Governing the future city – The development of the ‘new city’ of Lingang in Shanghai

Zheng Wang

Governing the Future City is an international ESRC-funded project looking at innovative approaches to urban governance and planning in Johannesburg, London and Shanghai. This blog, following on from an introductory article by Jenny Robinson, gives an overview of the case study area of Lingang, a new city developed near Shanghai.

Lingang with the Dishui lake at its center (source:
Lingang with Dishui lake at its center (source:

Shanghai Lingang is located in the southeastern part of Shanghai and covers an area of 315km2. The Shanghai municipality officially launched the development in 2002. Unlike many other new towns that were developed in Shanghai during the 2000s (such as the ‘one city, nine towns’ projects), a large share of Lingang’s urban land was reclaimed from the sea. The Lingang area is divided into two main land uses: the industrial zone, which covers an area of 240.99km2, and the main residential town with an area of 67.76km2.

Similar to other major urban developments in China, a competition was launched to decide on the final masterplan. The German company GMP Architects won the competition with its masterplan concept, which conceived Lingang as a drop of water falling into the sea, which then created ripples. This concept is reflected in the new town’s circular shape and the large artificial ‘Dishui’ lake that has a diameter of 2.5km. The design of Lingang was also inspired by Howard’s garden city philosophy as the main town is divided into five circular zones. The lake is at the center of the new town and the lakefront area provides commercial and leisure facilities such as water sports and supermarkets.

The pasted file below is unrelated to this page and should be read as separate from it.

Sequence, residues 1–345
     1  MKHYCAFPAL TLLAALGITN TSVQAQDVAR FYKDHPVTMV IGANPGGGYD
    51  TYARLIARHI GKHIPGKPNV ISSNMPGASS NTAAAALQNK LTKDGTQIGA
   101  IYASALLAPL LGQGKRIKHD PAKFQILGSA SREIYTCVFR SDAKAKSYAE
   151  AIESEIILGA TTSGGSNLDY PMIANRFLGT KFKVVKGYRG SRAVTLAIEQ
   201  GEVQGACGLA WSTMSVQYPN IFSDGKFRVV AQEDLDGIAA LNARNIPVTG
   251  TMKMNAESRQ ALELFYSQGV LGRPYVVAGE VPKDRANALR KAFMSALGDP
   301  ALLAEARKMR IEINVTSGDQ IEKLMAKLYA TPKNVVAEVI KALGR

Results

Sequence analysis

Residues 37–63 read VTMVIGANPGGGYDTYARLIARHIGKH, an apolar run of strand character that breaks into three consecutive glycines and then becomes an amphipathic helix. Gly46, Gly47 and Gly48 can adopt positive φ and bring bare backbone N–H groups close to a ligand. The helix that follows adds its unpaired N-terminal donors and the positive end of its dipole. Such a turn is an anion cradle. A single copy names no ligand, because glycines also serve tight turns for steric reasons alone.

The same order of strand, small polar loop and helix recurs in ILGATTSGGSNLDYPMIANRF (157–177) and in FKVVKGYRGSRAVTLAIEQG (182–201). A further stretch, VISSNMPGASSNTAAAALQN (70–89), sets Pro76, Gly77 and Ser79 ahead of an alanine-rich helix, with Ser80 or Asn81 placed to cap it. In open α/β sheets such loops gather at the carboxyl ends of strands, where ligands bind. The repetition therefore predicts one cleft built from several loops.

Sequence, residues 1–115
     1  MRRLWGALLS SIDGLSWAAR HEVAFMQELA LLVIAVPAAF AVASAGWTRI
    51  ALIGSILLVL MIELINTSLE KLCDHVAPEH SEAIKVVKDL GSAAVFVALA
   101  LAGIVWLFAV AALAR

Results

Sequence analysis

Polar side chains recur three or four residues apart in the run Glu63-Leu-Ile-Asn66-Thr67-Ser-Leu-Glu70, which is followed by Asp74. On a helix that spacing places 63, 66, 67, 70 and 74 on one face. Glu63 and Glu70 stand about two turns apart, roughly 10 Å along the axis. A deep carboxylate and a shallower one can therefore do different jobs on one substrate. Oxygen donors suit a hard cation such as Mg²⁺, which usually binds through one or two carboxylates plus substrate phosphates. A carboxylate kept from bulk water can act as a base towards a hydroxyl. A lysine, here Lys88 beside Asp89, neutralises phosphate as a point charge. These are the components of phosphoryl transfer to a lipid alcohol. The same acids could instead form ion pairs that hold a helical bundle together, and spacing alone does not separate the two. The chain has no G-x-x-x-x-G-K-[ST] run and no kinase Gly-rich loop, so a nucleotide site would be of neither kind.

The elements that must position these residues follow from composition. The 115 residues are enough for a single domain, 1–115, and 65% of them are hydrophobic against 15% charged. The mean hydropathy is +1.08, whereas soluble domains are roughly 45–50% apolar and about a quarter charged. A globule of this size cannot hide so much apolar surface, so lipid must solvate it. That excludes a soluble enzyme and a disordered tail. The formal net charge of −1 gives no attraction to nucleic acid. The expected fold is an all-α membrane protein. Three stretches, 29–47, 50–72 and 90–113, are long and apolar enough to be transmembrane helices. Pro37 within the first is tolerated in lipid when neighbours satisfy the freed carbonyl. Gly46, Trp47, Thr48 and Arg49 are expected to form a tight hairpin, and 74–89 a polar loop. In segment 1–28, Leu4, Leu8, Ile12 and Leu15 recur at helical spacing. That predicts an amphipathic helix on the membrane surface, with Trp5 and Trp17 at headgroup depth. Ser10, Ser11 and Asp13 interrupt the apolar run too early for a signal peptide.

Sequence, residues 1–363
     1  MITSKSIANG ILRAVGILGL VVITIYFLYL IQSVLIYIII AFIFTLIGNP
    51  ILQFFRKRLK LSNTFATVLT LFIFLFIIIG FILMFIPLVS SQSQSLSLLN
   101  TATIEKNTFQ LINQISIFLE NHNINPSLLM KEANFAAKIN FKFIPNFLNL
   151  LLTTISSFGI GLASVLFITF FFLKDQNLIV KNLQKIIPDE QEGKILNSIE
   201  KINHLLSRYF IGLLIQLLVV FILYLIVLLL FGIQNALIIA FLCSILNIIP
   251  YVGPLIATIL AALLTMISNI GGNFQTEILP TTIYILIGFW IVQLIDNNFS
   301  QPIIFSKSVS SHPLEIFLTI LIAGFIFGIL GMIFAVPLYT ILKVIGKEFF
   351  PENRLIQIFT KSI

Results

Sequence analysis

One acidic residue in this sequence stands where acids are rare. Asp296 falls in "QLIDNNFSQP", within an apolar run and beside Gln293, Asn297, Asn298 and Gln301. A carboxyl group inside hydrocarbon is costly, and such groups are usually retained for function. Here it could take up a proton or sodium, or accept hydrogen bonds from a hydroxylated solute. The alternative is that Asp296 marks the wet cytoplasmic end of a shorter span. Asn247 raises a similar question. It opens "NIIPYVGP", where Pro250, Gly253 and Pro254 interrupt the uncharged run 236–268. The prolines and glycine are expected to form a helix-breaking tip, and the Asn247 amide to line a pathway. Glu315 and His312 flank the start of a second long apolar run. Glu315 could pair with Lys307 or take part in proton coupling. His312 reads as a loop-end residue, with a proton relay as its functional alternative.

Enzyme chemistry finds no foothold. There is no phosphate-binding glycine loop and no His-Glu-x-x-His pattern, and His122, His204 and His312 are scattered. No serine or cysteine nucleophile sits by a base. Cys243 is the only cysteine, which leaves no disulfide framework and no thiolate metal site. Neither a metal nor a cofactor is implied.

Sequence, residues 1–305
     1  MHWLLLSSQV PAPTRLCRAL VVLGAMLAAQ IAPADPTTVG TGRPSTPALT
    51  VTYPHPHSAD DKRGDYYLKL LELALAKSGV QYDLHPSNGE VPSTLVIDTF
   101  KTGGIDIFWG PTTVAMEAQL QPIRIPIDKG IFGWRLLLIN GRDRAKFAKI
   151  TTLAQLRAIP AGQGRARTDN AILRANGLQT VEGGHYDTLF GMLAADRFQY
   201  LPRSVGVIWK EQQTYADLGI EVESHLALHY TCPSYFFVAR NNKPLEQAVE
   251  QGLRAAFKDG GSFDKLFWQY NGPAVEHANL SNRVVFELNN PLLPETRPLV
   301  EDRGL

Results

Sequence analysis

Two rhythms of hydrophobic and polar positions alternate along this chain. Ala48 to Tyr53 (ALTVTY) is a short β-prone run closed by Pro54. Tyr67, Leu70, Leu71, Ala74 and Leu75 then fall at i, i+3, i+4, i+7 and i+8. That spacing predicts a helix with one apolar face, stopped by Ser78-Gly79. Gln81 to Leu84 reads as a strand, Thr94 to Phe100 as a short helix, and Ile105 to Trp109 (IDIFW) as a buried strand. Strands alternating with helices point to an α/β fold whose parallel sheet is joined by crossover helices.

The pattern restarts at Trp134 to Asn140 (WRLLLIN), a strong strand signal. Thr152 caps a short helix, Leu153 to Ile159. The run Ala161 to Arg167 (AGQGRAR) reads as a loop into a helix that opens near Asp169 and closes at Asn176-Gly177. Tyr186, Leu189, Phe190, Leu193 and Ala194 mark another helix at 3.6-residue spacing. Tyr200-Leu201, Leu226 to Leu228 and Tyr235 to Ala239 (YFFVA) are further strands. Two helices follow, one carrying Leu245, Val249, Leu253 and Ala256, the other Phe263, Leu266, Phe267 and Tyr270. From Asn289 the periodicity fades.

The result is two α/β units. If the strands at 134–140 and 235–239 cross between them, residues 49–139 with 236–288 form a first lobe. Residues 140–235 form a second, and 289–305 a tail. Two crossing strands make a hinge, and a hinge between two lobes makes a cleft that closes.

Location of LIngang (map by author)
Location of LIngang (map by author)

The final station of the number 16 metro line is also located in this area. The first ring area provides a variety of functions including residential, service and offices. The projected population of Lingang was 800,000 residents, although so far only around 200,000 residents live in Lingang, large proportions of whom are students. So far, the development has been led by state owned development corporations.

With regards to the governance of Lingang, the Shanghai Lingang Area Development Authority (SLADA) governs the entire Lingang project and is responsible for the masterplan and the allocation of resources and land. However, SLADA itself does not get directly involved in the development of a specific project. Instead, eight major development corporations, each responsible for one section of Lingang, carry out the actual development, although there are also some smaller private developers. For instance, the Lingang Harbour City Development Corporation is responsible for the development within the main town, whilst the Shanghai Lingang Economic Development Corporation takes charge of developing the heavy equipment-manufacturing zone. These development corporations all belong to the state, though to some extent they operate as private companies with a mandate to generate profit.

For our research in Lingang, we will pay close attention to the motivations of different government bodies in promoting the development, and explore how the state interacts with the market as well as local communities in order to carry out the development.